The phrase “technology transfer” has multiple meanings. The two dominant uses concern anticipatory thinking: one refers to employees working in offices of technology transfer who attend to patenting and licensing inventions so that new scientific discoveries can be transformed into technological applications; the other refers to people working on development projects who try to discern and implement new applications for technologies that already exist.
Given the enthusiasm for accelerating the pace of technological progress in developing countries, it is the latter endeavor – particularly when designed to assist impoverished regions to “leapfrog” from a pre-modern milieu into the digital age – that is at the forefront of many private and public programs.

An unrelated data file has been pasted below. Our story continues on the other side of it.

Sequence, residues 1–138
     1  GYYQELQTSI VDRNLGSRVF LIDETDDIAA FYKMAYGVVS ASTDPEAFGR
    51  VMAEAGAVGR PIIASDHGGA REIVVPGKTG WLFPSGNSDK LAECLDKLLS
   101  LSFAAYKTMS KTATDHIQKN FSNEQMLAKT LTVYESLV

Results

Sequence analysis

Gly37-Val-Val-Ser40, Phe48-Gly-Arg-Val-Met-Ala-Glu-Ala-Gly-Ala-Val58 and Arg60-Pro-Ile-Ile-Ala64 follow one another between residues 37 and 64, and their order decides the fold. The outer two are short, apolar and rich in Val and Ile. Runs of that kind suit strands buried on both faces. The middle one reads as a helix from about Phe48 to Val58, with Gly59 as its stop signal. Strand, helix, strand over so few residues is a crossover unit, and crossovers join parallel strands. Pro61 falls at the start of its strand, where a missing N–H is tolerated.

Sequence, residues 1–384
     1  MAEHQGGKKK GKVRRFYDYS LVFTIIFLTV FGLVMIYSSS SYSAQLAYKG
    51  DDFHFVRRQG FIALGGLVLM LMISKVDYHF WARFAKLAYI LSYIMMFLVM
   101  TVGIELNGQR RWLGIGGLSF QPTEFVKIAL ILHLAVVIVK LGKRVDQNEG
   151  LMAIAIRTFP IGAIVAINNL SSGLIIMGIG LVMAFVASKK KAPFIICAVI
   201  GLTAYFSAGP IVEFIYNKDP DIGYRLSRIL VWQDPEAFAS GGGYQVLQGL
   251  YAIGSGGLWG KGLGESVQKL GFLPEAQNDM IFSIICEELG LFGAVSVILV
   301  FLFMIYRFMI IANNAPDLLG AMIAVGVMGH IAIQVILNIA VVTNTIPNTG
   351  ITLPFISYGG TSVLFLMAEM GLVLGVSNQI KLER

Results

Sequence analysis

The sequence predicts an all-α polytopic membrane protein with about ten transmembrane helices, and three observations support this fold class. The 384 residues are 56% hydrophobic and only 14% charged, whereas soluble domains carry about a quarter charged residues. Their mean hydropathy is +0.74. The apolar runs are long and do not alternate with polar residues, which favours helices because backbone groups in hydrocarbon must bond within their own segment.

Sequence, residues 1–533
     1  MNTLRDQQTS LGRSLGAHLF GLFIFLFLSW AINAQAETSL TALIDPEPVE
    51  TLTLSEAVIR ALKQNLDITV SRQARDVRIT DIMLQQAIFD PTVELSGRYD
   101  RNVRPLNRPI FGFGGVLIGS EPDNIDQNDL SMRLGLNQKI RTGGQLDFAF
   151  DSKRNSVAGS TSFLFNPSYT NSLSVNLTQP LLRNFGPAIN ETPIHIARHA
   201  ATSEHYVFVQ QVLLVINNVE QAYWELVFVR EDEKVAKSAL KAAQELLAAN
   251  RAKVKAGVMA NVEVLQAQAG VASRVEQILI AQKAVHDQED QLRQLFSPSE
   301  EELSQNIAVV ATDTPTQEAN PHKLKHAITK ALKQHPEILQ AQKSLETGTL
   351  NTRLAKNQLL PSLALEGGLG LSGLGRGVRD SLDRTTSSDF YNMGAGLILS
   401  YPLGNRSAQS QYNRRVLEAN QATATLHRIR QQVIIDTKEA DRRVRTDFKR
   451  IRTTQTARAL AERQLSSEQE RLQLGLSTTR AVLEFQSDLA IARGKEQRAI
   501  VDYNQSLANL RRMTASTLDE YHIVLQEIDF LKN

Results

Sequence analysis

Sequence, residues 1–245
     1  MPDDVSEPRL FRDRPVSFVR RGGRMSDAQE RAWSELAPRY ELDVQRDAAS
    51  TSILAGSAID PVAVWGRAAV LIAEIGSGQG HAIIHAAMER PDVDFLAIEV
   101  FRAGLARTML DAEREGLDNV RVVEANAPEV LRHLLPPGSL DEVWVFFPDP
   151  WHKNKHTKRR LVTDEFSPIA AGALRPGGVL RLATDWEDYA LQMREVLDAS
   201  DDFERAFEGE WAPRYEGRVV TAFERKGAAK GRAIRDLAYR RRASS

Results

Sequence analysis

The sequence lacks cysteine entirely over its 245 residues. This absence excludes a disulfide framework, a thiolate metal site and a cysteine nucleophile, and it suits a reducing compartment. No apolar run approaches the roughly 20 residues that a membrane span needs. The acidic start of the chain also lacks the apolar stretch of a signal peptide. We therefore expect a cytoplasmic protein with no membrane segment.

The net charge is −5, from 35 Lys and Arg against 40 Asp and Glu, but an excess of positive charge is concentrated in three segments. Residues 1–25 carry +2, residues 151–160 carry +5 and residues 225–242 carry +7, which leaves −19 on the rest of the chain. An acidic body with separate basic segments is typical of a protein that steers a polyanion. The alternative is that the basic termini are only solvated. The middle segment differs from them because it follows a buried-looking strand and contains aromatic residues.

Even when well intentioned and carefully orchestrated, the use of technology transfer as a development tool routinely provokes international critique in addition to praise. This is because the standards for judging regional success and the feasibility for expansion through replication are subject to debate – debate that typically contains ontological, ethical and political dimensions.
In order to understand the central motifs around which many of the debates revolve, it will be useful first to discuss how to understand technology transfer qua practice. Owing to anthropological diversity, the thesis of technological relativity holds the key to this endeavor. According to this thesis – ...